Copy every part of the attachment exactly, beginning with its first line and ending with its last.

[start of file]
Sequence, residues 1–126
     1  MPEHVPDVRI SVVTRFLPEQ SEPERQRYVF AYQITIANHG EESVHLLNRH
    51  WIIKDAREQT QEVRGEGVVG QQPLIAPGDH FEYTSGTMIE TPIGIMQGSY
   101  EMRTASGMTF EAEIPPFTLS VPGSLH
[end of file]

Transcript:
Sequence, residues 1–126
     1  MPEHVPDVRI SVVTRFLPEQ SEPERQRYVF AYQITIANHG EESVHLLNRH
    51  WIIKDAREQT QEVRGEGVVG QQPLIAPGDH FEYTSGTMIE TPIGIMQGSY
   101  EMRTASGMTF EAEIPPFTLS VPGSLH